The Cost of Entrepreneurship
Growing up, it's not like I had a passion for lifting couches or moving dressers...
I started my own company, Coulee Region Moving Services, back in the Spring of 2014. It was just meant to serve as a part-time job to earn some extra income while I was in college. The fact that it turned into a six-figure company after the second year in business, and with hopes of someday becoming a seven-figure enterprise, is beyond what I could have ever expected. A lot of people see and hear the triumphs and successes that my moving company has had over the past four years, but not many people fully understand what it has taken to get to this point; and it has been anything but glamorous.
I feel like entrepreneurship has been put on a pedestal the last decade or so. Ever since Mark Zuckerburg came out publicly in his hoodie and jeans and introduced the world to Facebook, every college student felt like they too could somehow start their own company. Now, I'm not quite old enough to say what it was like to be an entrepreneur in the 80's or 90's. However, from the people I know who were, if you were an entrepreneur back then, it usually just meant you couldn't find a real job. Entrepreneurship takes a very unique personality to be successful, and you have to sacrifice a lot in the beginning, to eventually make it in the end.
If I had to put a number on it, I'd say entrepreneurship is about 5% accepting the successes and glory of owning a business, and 95% learning from your failures and grinding through the shit no one else wants to deal with. If you want to be a successful entrepreneur, you have to absolutely, without a doubt, love the process and the hustle of building a business. No one sees me at the office 7 days a week (except during football season) coming up with new marketing ideas, crunching numbers, sending estimates and invoices, or stocking equipment. When things go wrong, you have to fully accept that everything that went wrong was YOUR FAULT. Not your employees. Not the customer. YOU. You did not prepare or equip yourself and your team properly, and because of that, you failed.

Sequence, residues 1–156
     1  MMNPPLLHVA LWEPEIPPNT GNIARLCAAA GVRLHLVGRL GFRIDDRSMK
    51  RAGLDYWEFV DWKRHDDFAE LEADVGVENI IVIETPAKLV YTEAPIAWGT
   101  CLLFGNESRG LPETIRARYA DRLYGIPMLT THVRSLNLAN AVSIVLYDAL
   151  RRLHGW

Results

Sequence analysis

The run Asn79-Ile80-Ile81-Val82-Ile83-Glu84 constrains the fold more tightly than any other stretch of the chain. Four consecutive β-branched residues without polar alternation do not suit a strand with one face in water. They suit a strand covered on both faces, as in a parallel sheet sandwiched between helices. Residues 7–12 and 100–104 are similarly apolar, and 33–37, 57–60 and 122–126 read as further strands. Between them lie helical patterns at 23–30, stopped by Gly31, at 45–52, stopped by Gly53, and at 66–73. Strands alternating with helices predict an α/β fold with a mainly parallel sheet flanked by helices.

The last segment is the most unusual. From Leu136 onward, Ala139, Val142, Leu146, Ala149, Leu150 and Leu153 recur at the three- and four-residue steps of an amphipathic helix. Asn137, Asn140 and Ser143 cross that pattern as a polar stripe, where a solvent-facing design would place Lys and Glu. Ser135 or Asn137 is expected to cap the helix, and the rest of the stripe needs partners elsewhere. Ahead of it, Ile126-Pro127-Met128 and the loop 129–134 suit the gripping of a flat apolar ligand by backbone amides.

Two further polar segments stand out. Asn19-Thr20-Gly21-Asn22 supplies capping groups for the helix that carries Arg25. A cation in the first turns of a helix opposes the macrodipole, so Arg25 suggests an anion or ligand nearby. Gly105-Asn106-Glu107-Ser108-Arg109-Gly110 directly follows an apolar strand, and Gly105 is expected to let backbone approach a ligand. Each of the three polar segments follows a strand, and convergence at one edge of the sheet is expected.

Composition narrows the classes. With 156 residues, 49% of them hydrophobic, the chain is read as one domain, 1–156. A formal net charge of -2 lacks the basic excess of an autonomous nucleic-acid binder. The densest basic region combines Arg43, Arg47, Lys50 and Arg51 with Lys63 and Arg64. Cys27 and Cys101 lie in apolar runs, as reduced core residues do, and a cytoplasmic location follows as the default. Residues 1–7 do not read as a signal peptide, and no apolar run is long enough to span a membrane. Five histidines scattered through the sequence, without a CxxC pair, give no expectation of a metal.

Now, the nice part about failing, is that it is the best way to learn so you do not make the same mistake twice. Once you do get it all right the next time around, that part goes into that tiny 5% bucket of success I was talking about earlier. And that tiny 5% part of success feels damn good when it does happen, and it makes you want more every time.
I also think entrepreneurship has a lot to do with luck; but you create your own luck. Let me explain:
To me luck isn't so much about just being inherently lucky of unlucky in life, luck is about being open to opportunity beyond ways that a certain task or situation presents itself. It's about always keeping your head on a swivel for the next move forward. It's about trying to see the possibilities and potentially positive outcomes from things that most people wouldn't blink twice at. Entrepreneurship is not always about pursuing your passion; sometimes its about chasing opportunity where no one else is. Growing up, it's not like I had a passion for lifting couches or moving dressers... But when I was in college, I identified an opportunity to exploit, then I got good at the opportunity, and finally, I learned to love the opportunity (and teach others to as well). Now in 2017, and heading into 2018, we have an unstoppable crew of movers we like to call Industrial Athletes; and we're just getting started.
Stay tuned next month for more ideas and motivation from the studs at Coulee Region Moving!
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